Friday, October 30, 2009

Rave to the Grave, y'all...

Poster by Jason Burnett

Halloween is tomorrow. Here at Penland, this is kind of a big deal. We have a party and everyone dresses up in handmade costumes. So far I've heard whisperings that a paint by numbers cat, a half polar bear half bridesmaid, and Brian Wilson will be attending.

Jason Burnett of Cakeboy Industries made this fantastic silkscreen poster featuring local legendary blacksmith Elizabeth Brim (with a leatherface mask) wielding a chainsaw. So tomorrow, Jason and I will be cutting up trash bags and splattering fake blood everywhere to set the mood. The theme is "rave to the grave" so get ready to do just that.

If you're in the area, there will a contest for best costume and the Scream Queen and King will be crowned. And yes, prizes will be awarded!

A couple years ago, I went as a Ghostbuster.

the beer in the pocket is a nice touch

This year, I will be once again mining a classic early 80's piece of film, this time Scanners. I'm not cool enough to be Darryl Revok so I'll be Kim Obrist, the female character in the movie.
So if you see someone dressed as a drab Canadian with a touch of grey and a nosebleed, that's me. Happy Halloween!

Friday, October 16, 2009

New and old

I took some time last week to update my website by adding new work and removing old work. Those of you familiar with my website will notice that there is no longer a photography section. I may not take pictures very much anymore, but I think the muted colors of a Polaroid will always be in my mind and in my work. Goodbye photography section.

Saturday, October 10, 2009

Goats and Graph Paper

And Goats :: Huldra Press

My friend Erika asked me to make a book with "goats and graph paper." I thought, yes, this is where it's at. This is a great commission. If anyone else would like any combination of paper types and animals, I will make it, because I had a lot of fun making this book. Thanks Erika!

:: the text block is entirely graph paper ::

:: handmade paper covers with vintage paper bits and letterpress ::

The Odyssey of the Press

It's official. I own a press. All 1,500 pounds of a Chandler & Price Old Style 10 x 15 platen press neatly disassembled in my grandmother's garage in New Jersey. It needs some cleaning. New rollers, new motor, but it's in good shape. No welds or other funny business.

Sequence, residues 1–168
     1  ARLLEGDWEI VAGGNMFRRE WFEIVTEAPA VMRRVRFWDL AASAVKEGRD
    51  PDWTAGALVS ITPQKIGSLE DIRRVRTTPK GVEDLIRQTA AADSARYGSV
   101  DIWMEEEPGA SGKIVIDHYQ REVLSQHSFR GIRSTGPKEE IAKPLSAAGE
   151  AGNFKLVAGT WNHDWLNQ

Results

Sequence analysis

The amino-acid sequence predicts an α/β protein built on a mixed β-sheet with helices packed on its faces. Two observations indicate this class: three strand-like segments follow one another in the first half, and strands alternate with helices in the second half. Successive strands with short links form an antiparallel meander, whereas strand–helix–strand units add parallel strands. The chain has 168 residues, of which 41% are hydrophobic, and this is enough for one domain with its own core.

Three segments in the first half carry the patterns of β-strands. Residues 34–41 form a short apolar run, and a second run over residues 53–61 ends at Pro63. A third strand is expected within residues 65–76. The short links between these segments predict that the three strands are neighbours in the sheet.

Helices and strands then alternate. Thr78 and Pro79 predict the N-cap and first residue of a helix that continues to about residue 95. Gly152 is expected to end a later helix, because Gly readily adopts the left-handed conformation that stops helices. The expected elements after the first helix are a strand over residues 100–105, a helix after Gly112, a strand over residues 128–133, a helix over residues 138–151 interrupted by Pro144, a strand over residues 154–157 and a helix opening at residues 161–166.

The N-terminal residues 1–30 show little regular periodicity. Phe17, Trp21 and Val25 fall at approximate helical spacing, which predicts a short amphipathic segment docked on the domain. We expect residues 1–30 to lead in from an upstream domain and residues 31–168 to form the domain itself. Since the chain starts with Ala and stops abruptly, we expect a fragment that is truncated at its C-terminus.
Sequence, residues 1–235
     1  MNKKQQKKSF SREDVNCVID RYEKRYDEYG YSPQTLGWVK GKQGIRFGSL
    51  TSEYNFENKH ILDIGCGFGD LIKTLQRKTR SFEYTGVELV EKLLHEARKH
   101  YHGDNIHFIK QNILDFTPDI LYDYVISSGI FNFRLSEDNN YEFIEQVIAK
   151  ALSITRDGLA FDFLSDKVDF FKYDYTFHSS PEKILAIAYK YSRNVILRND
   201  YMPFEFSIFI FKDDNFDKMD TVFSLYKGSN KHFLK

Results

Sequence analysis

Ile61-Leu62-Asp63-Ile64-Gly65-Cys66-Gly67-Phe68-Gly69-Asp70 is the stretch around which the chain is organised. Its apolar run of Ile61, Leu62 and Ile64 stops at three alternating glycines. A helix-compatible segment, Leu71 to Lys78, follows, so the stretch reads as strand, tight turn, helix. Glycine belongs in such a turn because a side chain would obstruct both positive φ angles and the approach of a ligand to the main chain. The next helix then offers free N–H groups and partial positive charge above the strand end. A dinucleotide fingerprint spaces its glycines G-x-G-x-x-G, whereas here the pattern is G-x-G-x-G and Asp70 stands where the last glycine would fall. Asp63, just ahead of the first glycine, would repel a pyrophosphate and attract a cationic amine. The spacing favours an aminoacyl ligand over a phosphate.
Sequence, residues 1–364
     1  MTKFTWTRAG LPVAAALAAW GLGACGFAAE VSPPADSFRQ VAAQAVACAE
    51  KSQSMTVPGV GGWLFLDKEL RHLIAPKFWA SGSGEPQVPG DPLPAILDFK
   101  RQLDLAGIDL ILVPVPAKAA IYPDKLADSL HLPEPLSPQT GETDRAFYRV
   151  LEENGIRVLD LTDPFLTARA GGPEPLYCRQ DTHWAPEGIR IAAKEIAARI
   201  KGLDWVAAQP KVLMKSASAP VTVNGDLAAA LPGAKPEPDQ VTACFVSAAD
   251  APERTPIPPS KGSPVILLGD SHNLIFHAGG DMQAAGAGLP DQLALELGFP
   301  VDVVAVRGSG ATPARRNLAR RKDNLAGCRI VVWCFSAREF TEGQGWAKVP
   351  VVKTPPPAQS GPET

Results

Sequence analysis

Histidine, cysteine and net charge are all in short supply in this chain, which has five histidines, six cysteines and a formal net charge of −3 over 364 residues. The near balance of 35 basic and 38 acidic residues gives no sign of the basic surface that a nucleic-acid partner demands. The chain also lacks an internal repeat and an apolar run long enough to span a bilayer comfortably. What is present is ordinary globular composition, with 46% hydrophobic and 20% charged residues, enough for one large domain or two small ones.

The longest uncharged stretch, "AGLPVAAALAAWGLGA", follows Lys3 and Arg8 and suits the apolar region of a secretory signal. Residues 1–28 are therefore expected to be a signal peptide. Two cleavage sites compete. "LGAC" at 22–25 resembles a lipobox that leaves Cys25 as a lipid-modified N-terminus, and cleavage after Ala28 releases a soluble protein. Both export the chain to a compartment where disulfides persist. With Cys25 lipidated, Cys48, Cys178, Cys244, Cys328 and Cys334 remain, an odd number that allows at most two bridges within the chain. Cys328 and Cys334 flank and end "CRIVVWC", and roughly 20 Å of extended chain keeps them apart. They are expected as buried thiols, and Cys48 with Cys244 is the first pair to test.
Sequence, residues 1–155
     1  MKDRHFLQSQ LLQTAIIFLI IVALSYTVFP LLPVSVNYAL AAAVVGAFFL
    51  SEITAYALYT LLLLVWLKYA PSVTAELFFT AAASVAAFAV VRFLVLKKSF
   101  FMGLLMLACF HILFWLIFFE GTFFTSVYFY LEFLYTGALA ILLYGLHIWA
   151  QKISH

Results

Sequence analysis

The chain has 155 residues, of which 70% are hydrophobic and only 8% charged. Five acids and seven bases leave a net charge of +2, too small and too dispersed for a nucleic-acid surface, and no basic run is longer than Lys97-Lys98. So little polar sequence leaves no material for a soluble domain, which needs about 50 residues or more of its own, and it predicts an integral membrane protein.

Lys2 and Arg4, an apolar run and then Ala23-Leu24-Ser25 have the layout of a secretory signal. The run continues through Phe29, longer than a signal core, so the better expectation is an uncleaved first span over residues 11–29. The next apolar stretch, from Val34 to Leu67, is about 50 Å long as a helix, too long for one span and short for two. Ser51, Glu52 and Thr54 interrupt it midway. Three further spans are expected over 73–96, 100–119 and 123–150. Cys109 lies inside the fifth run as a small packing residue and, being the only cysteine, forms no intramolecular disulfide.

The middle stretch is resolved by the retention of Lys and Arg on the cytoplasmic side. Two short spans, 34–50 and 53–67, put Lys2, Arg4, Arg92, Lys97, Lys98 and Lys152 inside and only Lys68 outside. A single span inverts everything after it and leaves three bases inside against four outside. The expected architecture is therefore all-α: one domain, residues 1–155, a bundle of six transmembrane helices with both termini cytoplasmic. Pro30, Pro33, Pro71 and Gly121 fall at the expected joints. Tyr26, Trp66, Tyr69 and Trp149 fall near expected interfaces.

The story begins one month ago. I saw a post on Craigslist for an old printing press in a basement for very, very cheap. I called the seller, told him I wanted it and would pick it up in a few weeks. Done and done. Crystal clear... right?

I said, I want that! I mean, don't you?

I won't go into all the details, but fast forward to last Friday, after driving ten hours from North Carolina, my boyfriend and I found ourselves stranded without the address to the house and with a seller who would not answer our phone calls. Not good.

The next morning, we got the address! But the seller had to go into work. We would not be able to start at 9 AM like we had planned. And then later he wouldn't answer our phone calls. Again. Not good.

So like any reasonable individuals would do, we just showed up. With a U-Haul. And the resolve to not leave without a press.

We got very lucky because the seller's brother-in-law showed up, let us in, called the seller and said, hey, these nice people just drove ten hours to give you money, maybe you should be here. Thank you brother-in-law.

We started taking apart the press at 5 PM and unloaded it a 1 AM. The move went fairly well, except for a few baffling moments. Like this classic.

Oh crap.

I'll just say, it's amazing what you can do with a few come a-longs and ratchet straps. Thanks to these brave men, Mike and Dave, we got this beast taken apart without turning anyone's legs into hamburger.

my boyfriend really knows how to roll up ratchet straps.

I really do want to say thank you to my friends and Mike for helping me do this. Thank you to all of you who lent me equipment, lugged things, drove hours and hours, and hung out in a dusty basement for six hours with me. I couldn't have done it without you.

I'll keep you posted on the process of putting this thing back together. If everything goes right, it 'll look something like this.

Thursday, October 1, 2009

Field Books

I've had field books on the brain. I guess it all started a year ago when I bought a yellow spiral bound surveyor's field book for note taking in Asheville. They tend to made with a higher quality rag paper than most other sketchbooks and are fairly waterproof. Their bright colors, lined papers, and rounded corners also make them attractive. I'm starting to incorporate elements of their style in my own books. Simplicity, utility, and quality!

:: hand bound hardcover with vintage paper cover and label by huldra press ::

:: rounded corner pocket books with handpainted covers by huldra press ::